Author: Paul D A Reavley / Editor: Jason Kendall / Reviewer: Stewart McMorran, Peter Lynas / Codes: GC1, GP3, SLO1, SuC10Published: 07/07/2020

This session is about assessment and management of patients presenting with palpitations to the emergency department.

Context and definition

The term palpitations is defined as the sensation in which a person is aware of an irregular, hard, or rapid heartbeat.

The presenting complaint of palpitations is one of the more frequently encountered reasons for attendance to the Emergency Department (ED) and the second commonest cardiac related presentation [1] .The majority of patients with palpitations have a very good prognosis the challenge for the emergency physician is to identify the minority of patients who have significant cardiac dysrhythmia or underlying disease.

The symptom of palpitations has varying meaning to patients and clarity must me sought. They are commonly described as an increased awareness of ones own heartbeat but also cover a sensation of fast or irregular heart beat or excessive pulsation. A key factor in patients deciding to seek medical advice is that this subjective awareness of cardiac activity is an unpleasant or distressing sensation.

Any arrhythmia may cause palpitations, however it is more likely to be as a result of a tachyarrhythmia rather than bradyarrhythmia. The mechanism by which a patient becomes aware of cardiac contractions is unclear as the usual physiological state is a filtering of afferent feedback rendering the sensation of cardiac activity to the subconsciousness. A change of rate, rhythm and contractility may alter this, bringing this afferent activity to the conscious level. It is clear that this is a variable response, demonstrated by the number of patients found to be in an arrhythmia without any symptoms: in the Framingham Study the age adjusted prevalence of asymptomatic frequent or complex arrhythmia was 12% in men without coronary disease and 33% in those with coronary disease [1].



The causes of palpitations are numerous but can be broadly split into cardiac and non-cardiac causes (see Table 1).

Table 1: The Causes of Palpitations

Arrhythmia Non-arrhythmic Drugs/Toxic Systemic Psychiatric
Sinus arrythmia Sinus tachycardia Sypathomimetics Anaemia Anxiety disorder
Atrial fibrillation Congenital structural disease Cardiac drugs Metabolic disorder Somatisation
Atrial flutter Acquired valvular disease Illicit drugs Pyrexia
Heart block (AVB) Heart failure Alcohol Hypovolaemia
Atrial tachycardia Cardiomyopathy Nicotine Hyperthyroidism
SVT Pericarditis Caffeine Phaeochromocytoma
VT Myocarditis Serotoninergic drugs Pulmonary disease
Pre-excitation (WPW) Sodium channel blockers Hypoxia
PVC Therapeutic drug withdrawal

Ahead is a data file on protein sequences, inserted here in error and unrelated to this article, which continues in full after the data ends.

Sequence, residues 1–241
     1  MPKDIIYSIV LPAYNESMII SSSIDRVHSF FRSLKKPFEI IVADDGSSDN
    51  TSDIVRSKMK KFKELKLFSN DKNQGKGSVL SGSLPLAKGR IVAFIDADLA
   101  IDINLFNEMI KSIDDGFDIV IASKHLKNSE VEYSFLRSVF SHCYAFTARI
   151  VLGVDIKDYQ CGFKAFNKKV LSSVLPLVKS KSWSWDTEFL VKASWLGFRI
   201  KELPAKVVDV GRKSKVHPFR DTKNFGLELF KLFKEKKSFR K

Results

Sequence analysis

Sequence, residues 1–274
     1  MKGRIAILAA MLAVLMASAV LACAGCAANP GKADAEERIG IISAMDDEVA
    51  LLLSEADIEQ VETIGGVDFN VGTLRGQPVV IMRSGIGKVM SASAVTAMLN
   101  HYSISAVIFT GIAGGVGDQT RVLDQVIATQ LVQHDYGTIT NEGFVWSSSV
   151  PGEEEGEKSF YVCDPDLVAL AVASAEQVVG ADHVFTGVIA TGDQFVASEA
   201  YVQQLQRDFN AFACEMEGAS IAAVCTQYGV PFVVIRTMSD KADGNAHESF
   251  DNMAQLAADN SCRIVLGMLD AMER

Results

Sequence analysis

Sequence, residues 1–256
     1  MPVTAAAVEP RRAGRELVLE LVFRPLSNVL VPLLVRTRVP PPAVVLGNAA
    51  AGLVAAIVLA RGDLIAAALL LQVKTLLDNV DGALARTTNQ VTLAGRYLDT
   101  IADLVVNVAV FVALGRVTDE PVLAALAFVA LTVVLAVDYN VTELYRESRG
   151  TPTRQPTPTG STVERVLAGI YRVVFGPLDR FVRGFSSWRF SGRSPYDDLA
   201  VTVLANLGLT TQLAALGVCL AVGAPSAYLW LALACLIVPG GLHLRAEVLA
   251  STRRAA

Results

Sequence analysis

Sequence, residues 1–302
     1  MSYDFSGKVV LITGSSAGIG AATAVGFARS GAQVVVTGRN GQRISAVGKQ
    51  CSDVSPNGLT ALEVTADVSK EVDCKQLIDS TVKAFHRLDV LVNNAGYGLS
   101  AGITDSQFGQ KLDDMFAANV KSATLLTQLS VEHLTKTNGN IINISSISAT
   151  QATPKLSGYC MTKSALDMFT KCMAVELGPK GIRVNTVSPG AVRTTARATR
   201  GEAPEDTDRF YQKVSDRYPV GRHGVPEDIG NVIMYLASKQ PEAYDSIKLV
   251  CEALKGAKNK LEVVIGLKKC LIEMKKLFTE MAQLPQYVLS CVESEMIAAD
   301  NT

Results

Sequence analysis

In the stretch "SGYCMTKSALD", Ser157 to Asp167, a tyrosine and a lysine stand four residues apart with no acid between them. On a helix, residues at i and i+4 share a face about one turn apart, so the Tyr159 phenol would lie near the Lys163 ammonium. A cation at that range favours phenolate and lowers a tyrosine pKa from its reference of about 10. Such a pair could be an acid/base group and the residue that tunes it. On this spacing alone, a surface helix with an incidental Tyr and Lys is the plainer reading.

In a study of 190 patients a cardiac aetiology was found in 43% of patients (40% had an arrhythmia and 3% other non-arrhythmic cardiac causes). Non-cardiac causes were diagnosed in 41% (anxiety was diagnosed in 31%, drugs and toxic causes in 6%, and 4% other non-cardiac causes). In total a specific aetiology was attributed in 84% of the patients in the study.2AVB = Atrioventricular block; SVT = Supraventricular tachycardia; VT = Ventricular tachycardia; WPW = Wolf Parkinson White Syndrome; PVC = Premature ventricular contractions

Learning Bite

Palpitations have an underlying cardiac cause in 43%, are due to anxiety in 31% and have no specific attributable cause in 16% of patients.


The overall prognosis for patients with palpitations is very good; this reflects that the commonest finding of ambulatory monitoring is either benign ventricular or atrial ectopic beats3. However, palpitations may indicate significant structural disease or arrhythmia and should prompt careful consideration of risk in the individual.

Mortality in specific arrhythmias does depend on the underlying rhythm. In the Framingham study, men without coronary heart disease who demonstrated frequent or complex arrhythmias had an increased relative risk of all cause mortality (RR 2.3 CI 1.65-3.2).1

Notwithstanding specific aetiology, the absolute risk of death is low: a study of 190 patients revealed a one year risk of death of 1.3% and stroke of 1.1%.2


Given the wide range of causes of palpitations (see Table 1) a detailed history and systemic enquiry is required. Full details of previous medical problems, medications and social drug use are required. A systematic and focused history (see below) will help to establish the nature, consequences and cause of an individuals palpitations:

(i) Establish the exact nature of the palpitations including:

  • Rate
  • Rhythm
  • Missed Beat Sensation
  • Extra Beat Sensation
  • Duration
  • Frequency
  • Precipitating factors (including dietary, posture, exercise and sleep)
  • Relieving factors

(ii) Establish the presence of adverse clinical features associated with the presence of palpitations:

  • Chest pain
  • Dyspnoea
  • Sweating
  • Dizziness
  • Syncope
  • Extreme fatigue

(iii) Establish the presence of symptoms which may indicate an underlying cause:

  • Chest pain (in the absence of or preceding palpitations)
  • Tremor
  • Sweating
  • Abdominal pain